This is Part 1 of a 3 Part series, work from home with newborns, which will discuss working from home when your kids are young. I will be sharing my experience when I worked from home to help out with the family when our twins were born. In this Blog I will look at our story and provide tips for talking to your boss.
So………huh……………wow…………hmmm. That was pretty much our conversation as we were driving home from the ultrasound after we had found out that we were now expecting twins. We didn’t know where to start the conversation. We were happy of course, but the news that our family was going to be 5 instead of 4 disorientated us for a while. Once the initial shock wore off our thoughts turned to how we are going to manage looking after two babies as well as a 3-year old with our current schedule. Having our immediate family living out of town and having very little help close by was challenging with our first child and we knew it would much more difficult with our second, but now with twins……huh…………wow……….hmmm. Over time we started to worry about it less and were convincing ourselves we would be OK with my current work schedule. That was until we went to a ‘preparing for twins’ class.
While we thought that this class was going to tell us that everything will be OK and that we were on the right track, what it did instead was to reinforce our panic. How are we going to do this? How will we give the twins the care they need without ignoring our 3 year old? How are we going keep some form of sanity? Our search for ideas generated two options that we were comfortable with, I could take leave from work for the first 9 months (an option for fathers in Canada), or I could somehow convince my boss to allow me to work from home. Not thinking there was much chance of the latter we went through the budget to find out if we could survive for 9 months on a partial salary. We figured we could make it work but to be safe we called my parents to see if we could get an emergency loan if needed. Once we had all the details of this backup plan in place I then turned to the ideal situation.
I was a bundle of nerves the day I went to discuss these options with my supervisors. If I was to ask them to allow me to work from home, something that they had never allowed anyone else to do before, I had to be bluntly honest and to the point. We were having twins, we were freaking out, and I had to change my current work schedule for my family’s sake. I explained that I would have to take leave unless we could work something out. Essentially, in a very nice way, I gave them an ultimatum where they either had to cave to my request to work from home or have to replace me for 9 months. I had built up a high level of trust with my boss and now I was going to find out if they were willing to set a precedent and have someone work from home – something large companies can be wary of. To my surprise, after a couple of weeks of deliberating by the VP’s, it was agreed that I would be able to work at home for 14 months after our twins were born.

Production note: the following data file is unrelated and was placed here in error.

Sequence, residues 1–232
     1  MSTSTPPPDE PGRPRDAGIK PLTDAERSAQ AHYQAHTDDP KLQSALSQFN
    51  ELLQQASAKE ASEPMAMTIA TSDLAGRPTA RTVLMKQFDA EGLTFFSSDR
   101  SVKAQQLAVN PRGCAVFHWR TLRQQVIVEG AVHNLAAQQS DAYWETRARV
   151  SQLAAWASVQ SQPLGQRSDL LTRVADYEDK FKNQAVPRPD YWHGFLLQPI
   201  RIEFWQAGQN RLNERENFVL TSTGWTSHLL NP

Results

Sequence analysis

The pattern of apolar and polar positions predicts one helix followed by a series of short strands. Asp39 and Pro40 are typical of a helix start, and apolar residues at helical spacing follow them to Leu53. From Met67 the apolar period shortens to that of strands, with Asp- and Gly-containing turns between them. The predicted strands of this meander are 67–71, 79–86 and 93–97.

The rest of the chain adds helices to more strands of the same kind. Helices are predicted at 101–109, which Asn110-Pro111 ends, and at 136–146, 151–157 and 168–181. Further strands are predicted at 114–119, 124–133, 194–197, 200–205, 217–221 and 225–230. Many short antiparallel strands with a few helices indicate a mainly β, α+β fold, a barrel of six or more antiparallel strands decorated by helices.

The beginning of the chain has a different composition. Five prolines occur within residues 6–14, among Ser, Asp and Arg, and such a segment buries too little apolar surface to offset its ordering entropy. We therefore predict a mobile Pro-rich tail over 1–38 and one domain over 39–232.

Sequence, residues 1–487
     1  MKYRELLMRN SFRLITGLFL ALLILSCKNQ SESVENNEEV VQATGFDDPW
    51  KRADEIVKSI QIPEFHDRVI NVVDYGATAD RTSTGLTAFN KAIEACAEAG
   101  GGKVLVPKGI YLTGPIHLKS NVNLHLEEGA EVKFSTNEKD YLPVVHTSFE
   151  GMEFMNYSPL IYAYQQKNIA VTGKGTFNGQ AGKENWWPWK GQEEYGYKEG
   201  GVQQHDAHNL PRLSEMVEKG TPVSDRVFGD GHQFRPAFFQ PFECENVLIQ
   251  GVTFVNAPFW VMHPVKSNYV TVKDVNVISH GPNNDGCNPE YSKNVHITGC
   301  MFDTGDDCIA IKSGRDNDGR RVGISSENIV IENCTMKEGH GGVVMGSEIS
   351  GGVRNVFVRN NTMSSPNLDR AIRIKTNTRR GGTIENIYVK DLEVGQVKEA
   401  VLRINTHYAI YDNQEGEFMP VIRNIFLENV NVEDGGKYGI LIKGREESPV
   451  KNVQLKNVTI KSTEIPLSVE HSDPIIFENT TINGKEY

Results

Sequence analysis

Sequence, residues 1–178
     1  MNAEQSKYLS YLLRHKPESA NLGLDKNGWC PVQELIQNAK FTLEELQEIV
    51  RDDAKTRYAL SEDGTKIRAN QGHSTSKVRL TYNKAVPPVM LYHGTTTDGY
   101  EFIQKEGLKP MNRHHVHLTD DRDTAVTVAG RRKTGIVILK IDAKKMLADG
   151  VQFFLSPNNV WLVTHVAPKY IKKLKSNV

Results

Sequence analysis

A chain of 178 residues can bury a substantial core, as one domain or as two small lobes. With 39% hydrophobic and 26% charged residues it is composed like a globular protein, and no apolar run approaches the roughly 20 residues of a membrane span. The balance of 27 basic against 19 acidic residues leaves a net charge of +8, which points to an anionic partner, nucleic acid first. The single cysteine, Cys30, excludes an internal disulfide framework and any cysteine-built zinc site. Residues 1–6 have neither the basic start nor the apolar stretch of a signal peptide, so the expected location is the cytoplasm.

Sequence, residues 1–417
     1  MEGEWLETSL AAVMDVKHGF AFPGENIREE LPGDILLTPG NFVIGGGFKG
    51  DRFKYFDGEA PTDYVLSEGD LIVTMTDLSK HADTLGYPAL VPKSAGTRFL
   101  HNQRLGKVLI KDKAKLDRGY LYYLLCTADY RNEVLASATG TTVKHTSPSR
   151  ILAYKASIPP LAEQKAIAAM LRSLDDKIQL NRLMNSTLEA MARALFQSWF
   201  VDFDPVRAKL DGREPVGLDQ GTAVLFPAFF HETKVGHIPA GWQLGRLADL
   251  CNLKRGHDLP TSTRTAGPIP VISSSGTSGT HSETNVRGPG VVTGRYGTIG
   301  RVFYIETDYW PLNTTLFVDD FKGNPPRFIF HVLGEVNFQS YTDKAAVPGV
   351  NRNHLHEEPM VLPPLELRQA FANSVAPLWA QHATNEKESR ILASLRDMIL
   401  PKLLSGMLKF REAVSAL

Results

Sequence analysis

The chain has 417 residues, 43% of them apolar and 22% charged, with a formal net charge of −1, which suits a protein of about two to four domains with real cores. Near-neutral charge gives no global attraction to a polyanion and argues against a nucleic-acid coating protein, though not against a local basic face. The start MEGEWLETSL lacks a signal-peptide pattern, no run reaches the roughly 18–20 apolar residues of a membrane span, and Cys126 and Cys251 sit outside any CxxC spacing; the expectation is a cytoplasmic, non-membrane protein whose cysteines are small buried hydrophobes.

Tips for Talking to your Boss
- Build up Trust – This should be something you have done since being employed regardless what your goals are. It is important to be viewed by your employer as someone who is hard working, loyal, and dependable as you want the conversation to be about the details to how it will work, not about if you can be trusted with this responsibility. If they do not trust you with giving your best effort within the office, you have no chance being able to work out of the office.
- Be honest as to why you want to work from home. In our case I explained that I needed to be close to home to help my wife during the chaotic times throughout the day. You do not want to give the impression that there may be some other motive you are not disclosing.
- Try to anticipate what their concerns will be and have the answers ready.
- Technical requirements: what equipment do they have to provide so you can do your job as well as you would in the office?
- Schedule: When are you planning on getting your work done? In our case I presented a 7 day work week with the weekend used if necessary to get caught up. I will be talking more about schedules in the next blog in this series.
- How acceptable will you be if you get called into work or to emergency meetings? How long will it take you to get there?
- Are you willing to spend part of the week in the office? I spent 2 afternoons a week where I could have face to face time with vendors and coworkers on the request of my boss.
- Provide reasons why this scenario could benefit them. In my case my schedule was going to include working during non business hours where I could work more efficiently without distractions. As well, it locks you into a position that you are good at during the time you are working from home since you are less likely to look for other opportunities.
- Prepare for rejection – In my case I knew exactly what I would do if they said no.
- Be flexible – They may want to do a trial period or allow you to work only part time away from the office. If they are open to the idea than negotiate with them but you may have to deviate from your original hope. I was hoping to keep my schedule completely open and only come in when meetings came up. I agreed to work in the office every Tuesday and Thursday afternoon.
- If accepted make it your mission to prove that this was a good decision and show them that your productivity is as good if not better than it was when you worked at the office.
Part 2 in this series will focus on the importance of making a realistic schedule when working from home, especially when you are to help out with the family
Part 3 in this series will look at the advantages and disadvantages of working from home.